2.2.3 Description of the Methods

    Chapter 4 of the Methods Standard includes the following additional information for each of the methods listed in the allocation tables:
    1. Identification/Definition of the Method
      Reference to a definitely to be complied definition of syntax and semantics.
    2. Brief Characteristic of the Method
      Description of objective and purpose, means of representation and operational sequence of the method.
    3. Limits of the Method Application
      Criteria when it is not advisable or only partly advisable to apply the method, or the application becomes limited within the scope of the V-Model.
    4. Specification of the Methods Allocation
      Here explanations are given of all those facts that are relevant for the application of a method at a certain stage in the V-Model.
    5. Interfaces
      Information about the interfaces to be considered to other basic methods.
    6. Further Literature

    2.3 Method Overview

    The following table contains a list of all abbreviations for basic methods and categories of methods used in the allocation tables (chapter 3). Furthermore, a reference is made to the corresponding description of the method in chapter 4.

    Abbrev. Method Name Reference
    to Method
    Description
    AUD Audit 4.1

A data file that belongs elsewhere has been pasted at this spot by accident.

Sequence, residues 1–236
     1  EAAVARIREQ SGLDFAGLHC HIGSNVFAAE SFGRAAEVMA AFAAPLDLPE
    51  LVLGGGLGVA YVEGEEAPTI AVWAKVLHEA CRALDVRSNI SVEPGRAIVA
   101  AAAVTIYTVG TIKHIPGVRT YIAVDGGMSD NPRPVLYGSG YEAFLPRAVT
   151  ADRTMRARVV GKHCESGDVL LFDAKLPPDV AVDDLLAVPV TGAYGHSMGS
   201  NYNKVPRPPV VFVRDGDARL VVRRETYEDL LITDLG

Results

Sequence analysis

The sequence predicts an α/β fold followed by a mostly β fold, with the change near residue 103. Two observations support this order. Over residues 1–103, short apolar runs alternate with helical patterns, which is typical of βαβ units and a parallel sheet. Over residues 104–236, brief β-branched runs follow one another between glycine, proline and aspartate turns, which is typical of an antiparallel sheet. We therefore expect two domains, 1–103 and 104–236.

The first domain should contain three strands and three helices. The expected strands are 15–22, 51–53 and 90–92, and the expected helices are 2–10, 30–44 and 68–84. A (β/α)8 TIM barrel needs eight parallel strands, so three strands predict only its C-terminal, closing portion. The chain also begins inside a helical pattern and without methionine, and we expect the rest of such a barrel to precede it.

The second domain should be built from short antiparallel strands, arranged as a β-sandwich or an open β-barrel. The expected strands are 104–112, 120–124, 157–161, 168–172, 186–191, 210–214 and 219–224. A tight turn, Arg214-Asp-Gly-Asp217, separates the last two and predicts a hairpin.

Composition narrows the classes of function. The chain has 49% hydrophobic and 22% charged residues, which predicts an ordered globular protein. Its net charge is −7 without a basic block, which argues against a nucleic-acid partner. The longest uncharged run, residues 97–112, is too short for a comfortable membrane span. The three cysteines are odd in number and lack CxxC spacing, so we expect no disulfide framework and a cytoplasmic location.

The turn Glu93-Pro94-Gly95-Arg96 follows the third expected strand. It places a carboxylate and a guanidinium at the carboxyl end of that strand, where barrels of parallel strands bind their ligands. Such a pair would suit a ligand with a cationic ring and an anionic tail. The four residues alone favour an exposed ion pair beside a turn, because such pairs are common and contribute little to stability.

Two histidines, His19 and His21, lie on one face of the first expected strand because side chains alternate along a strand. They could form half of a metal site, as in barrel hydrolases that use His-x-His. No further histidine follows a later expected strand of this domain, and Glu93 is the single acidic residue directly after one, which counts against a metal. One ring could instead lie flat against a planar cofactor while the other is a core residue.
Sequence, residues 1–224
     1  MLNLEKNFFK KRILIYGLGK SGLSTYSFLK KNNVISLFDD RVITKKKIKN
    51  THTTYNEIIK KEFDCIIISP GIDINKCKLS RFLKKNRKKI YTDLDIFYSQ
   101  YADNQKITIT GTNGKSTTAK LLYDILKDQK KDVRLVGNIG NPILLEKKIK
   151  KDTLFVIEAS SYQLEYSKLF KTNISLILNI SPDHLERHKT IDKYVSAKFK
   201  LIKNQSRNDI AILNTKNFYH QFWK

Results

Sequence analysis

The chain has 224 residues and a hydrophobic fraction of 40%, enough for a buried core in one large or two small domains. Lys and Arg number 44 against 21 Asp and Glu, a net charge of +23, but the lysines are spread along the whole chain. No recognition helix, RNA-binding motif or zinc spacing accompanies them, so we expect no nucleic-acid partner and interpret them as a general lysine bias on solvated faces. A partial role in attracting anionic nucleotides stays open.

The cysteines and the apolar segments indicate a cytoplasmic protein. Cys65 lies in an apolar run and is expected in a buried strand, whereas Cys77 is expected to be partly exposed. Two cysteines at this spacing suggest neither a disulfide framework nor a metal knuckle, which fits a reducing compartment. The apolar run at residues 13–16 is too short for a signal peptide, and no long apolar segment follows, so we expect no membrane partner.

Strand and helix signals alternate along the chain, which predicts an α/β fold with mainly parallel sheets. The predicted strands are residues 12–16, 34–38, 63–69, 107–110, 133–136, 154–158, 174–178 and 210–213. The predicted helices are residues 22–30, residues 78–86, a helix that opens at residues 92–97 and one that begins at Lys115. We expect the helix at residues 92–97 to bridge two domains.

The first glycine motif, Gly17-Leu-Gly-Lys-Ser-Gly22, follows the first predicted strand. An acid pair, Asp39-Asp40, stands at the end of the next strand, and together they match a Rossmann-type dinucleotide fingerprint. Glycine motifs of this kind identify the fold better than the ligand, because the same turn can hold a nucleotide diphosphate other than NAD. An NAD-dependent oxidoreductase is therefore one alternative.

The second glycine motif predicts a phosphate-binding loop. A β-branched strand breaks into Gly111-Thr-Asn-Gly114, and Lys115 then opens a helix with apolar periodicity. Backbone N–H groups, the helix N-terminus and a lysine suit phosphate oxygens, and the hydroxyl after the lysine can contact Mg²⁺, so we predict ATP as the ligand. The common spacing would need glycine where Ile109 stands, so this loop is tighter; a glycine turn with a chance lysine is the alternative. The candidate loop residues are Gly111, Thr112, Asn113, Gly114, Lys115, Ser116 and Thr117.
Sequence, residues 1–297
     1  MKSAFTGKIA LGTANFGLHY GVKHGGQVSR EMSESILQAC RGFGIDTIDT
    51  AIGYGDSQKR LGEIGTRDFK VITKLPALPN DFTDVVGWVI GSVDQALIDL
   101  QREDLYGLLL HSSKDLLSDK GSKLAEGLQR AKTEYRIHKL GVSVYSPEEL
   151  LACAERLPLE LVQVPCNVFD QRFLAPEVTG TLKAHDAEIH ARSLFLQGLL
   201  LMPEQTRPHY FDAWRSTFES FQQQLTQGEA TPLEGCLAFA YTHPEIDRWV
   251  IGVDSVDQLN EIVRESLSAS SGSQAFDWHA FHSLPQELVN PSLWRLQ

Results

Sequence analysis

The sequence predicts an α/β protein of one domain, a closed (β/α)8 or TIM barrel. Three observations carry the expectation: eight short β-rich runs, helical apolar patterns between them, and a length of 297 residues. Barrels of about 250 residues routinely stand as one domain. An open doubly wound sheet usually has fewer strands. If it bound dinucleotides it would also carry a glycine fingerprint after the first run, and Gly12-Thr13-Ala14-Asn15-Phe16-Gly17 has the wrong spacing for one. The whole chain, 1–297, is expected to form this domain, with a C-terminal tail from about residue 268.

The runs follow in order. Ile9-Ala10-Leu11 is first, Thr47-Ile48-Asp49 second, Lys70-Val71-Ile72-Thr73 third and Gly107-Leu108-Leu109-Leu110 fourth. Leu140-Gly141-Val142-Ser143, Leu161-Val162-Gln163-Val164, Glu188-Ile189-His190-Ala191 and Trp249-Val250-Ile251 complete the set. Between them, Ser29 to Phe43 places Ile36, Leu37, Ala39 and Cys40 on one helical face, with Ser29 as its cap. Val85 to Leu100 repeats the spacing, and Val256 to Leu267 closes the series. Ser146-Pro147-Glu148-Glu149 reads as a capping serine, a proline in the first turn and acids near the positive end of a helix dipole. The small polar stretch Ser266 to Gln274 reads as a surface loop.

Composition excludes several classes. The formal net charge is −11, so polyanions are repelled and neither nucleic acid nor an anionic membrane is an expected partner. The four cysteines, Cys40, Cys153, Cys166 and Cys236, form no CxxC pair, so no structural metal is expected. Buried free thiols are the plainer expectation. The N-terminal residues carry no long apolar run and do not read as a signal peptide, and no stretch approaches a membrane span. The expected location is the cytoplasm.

ACC Analysis of Covert Channels 4.2
    BAR Bar Plan (Chart) 4.3
    TREE Tree Diagram 4.4
    BBTD Black Box Test Case Design 4.5
    CRC Class Responsibility Collaboration 4.6
    DFM Data Flow Modeling 4.7
    DIAL Dialog Design Modeling 4.8
    DNAV Data Navigation Modeling 4.9
    DVER Design Verification 4.10
    ELH Entity Life History 4.11
    ER E/R Modeling 4.12
    DTAB Decision Table Technique 4.13
    EVT Earned Value Method 4.14
    EXPM Expertise Model 4.15
    FCTD Functional Decomposition 4.16
    FMEA Failure Mode Effect Analysis 4.17
    FNET Function Net Modeling 4.18
    FS Formal Specification 4.19
    IAM Interaction Modeling 4.20
    CFM Control Flow Modeling 4.21
    COM Class/Object Modeling 4.22
    LOGM Logical DB Modeling 4.23
    MODIAG Module Diagrams 4.24
    NORM Normalization 4.25
    NPT Network Planning Technique 4.26
    BA Benefit Analysis 4.27
    ODT Object Design Technique 4.28
    OGC Organizational Chart 4.29
    PCODE Pseudocode 4.30
    PRODIAG Process Diagrams 4.31
    PVER Program Verification 4.32
    PIM Process Interaction Modeling 4.33
    REV Review 4.34
    SIMU Simulation Models 4.35
    EMOD Estimation Models 4.36
    SSM Subsystem Modeling 4.37
    STAT Static Analysis 4.38
    STRD Structured Design 4.39
    SBM System Behavior Models 4.40
    T Test 4.41
    TRDA Trend Analysis 4.42
    UCM Use Case Modeling 4.43
    WBTD White Box Test Case Design 4.44
    STM State Transition Modeling 4.45
    STMO State Modeling in the OO Field 4.46
    RELM Reliability Models 4.47